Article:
Co-founded by Sigi Moeslinger and Masamichi Udagawa in 1997, Antenna Design combines technological complexity with a sense of humanity. The firm’s work often blurs the line between installation and product, incorporating new media and an interactive, thought-provoking aspect to engage the user. Antenna Design’s projects range from public to commercial, realized to exploratory, for an international clientele, including Bloomberg LP, Johnson & Johnson, McDonald’s, Fujitsu, and Microsoft. It designed three new fleets of subway cars and the MetroCard ticket vending machines for New York City’s Metropolitan Transportation Authority; and the hardware and screen interface for JetBlue’s check-in kiosks nationally. Antenna Design has also created installations for Artists Space, Creative Time, Häagen-Dazs, and the Walker Art Center; and contributed Cherry Blossom, a site-specific, interactive installation, to Cooper-Hewitt’s 2003 National Design Triennial.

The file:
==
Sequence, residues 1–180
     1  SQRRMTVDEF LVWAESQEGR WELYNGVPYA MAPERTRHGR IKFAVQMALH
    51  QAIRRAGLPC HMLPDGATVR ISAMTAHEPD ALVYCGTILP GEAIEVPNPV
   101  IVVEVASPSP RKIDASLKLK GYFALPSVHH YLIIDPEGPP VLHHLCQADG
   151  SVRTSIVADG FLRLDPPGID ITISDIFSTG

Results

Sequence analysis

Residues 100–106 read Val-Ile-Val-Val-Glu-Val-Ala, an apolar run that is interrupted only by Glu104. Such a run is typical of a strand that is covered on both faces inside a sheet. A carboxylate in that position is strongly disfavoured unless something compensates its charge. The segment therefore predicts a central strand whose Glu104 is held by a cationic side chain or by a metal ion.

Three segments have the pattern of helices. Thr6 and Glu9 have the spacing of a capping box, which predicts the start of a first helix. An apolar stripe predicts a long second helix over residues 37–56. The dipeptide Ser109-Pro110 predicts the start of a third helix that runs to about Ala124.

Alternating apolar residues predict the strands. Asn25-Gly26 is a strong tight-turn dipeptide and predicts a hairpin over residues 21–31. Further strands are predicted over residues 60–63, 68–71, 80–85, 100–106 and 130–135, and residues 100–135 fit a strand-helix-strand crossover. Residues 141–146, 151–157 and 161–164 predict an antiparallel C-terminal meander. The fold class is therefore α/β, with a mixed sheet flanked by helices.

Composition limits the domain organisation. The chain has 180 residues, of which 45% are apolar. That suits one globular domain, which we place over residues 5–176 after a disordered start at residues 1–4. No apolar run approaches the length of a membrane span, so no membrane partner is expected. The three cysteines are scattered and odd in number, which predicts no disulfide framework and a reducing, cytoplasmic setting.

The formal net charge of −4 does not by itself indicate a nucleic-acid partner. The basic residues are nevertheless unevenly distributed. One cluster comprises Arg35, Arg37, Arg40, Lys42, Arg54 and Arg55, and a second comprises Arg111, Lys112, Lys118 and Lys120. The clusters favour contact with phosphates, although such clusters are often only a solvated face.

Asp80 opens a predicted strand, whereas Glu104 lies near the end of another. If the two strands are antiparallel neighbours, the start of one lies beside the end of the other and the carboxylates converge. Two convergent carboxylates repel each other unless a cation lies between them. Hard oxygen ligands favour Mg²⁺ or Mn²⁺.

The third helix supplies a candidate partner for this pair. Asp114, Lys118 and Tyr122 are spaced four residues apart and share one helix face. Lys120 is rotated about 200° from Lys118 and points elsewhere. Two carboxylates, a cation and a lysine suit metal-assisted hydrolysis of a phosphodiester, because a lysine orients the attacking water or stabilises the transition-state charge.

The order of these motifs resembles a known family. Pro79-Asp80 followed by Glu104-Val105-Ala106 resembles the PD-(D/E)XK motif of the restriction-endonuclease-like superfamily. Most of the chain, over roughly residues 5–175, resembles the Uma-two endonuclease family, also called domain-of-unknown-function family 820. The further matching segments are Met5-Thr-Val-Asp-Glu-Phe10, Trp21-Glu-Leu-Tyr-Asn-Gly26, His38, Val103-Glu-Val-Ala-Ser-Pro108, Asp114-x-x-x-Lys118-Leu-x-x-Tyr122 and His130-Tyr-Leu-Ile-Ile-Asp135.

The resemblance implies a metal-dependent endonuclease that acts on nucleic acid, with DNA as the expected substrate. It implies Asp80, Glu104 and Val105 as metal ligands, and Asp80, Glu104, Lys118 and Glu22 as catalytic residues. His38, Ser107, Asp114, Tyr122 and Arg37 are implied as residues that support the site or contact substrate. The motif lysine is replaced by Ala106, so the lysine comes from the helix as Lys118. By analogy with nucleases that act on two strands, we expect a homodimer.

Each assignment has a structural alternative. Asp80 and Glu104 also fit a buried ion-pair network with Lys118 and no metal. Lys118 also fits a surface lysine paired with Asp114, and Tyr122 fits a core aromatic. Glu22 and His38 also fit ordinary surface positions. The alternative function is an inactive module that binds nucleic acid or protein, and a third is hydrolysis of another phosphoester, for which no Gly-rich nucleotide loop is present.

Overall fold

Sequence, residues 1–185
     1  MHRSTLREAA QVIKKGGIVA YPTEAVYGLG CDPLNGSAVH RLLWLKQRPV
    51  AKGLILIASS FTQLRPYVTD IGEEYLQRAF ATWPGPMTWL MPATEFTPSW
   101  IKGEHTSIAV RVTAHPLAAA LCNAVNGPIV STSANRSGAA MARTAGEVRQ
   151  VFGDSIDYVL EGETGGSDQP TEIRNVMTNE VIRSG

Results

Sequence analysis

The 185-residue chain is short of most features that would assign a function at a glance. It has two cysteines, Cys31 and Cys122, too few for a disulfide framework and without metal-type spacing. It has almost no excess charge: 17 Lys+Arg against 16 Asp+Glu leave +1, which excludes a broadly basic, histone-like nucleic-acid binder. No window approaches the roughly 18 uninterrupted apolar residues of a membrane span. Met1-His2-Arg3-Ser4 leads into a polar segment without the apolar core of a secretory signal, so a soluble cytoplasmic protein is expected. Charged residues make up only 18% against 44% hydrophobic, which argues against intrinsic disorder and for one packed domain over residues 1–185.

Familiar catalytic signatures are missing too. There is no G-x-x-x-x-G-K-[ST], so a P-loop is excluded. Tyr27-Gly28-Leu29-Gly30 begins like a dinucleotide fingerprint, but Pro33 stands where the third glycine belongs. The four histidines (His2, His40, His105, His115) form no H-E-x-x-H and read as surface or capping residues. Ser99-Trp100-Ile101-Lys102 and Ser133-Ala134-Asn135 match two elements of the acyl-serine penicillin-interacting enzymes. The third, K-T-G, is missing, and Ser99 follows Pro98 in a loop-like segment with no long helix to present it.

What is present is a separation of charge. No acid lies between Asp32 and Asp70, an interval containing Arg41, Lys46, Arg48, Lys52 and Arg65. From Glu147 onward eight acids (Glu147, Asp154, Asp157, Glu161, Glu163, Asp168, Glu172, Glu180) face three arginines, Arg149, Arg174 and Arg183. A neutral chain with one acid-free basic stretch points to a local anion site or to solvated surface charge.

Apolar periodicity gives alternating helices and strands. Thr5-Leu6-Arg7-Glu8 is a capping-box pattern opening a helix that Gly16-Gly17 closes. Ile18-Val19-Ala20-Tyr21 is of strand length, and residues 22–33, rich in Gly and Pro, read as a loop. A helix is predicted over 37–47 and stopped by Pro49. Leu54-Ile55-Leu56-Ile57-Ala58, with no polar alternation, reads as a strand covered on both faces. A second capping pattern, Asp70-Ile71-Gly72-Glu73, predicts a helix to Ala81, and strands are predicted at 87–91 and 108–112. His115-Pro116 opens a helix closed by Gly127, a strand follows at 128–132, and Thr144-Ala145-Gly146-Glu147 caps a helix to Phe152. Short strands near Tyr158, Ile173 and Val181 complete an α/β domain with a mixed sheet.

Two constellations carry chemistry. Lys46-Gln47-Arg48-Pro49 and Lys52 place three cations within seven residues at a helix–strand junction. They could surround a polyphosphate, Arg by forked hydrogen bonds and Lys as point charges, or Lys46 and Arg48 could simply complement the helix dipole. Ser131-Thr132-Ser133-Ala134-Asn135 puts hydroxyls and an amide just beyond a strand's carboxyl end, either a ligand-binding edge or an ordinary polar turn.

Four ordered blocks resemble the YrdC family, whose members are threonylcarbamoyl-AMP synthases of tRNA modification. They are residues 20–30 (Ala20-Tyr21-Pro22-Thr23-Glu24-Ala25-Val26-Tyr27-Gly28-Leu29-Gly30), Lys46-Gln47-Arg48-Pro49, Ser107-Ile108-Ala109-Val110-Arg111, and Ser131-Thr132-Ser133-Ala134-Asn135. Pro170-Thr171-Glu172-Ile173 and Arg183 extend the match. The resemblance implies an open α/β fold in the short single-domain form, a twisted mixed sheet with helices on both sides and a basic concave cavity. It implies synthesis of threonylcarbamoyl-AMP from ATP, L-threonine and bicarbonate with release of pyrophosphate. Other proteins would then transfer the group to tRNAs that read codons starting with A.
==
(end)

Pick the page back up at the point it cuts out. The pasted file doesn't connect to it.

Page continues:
The interactive light and sound installation features a series of neon flowers that “bloom” when passerby trigger motion sensors that create an ongoing process of blossoming light sculptures and ambient sound events. As people continue to move part the store’s Lexington Avenue window, the first flowers trigger will quickly fade out while new ones brighten up, leaving a wave-like trail behind every passerby. As more people pass, the illuminated flowers create a brilliant display of light and sound.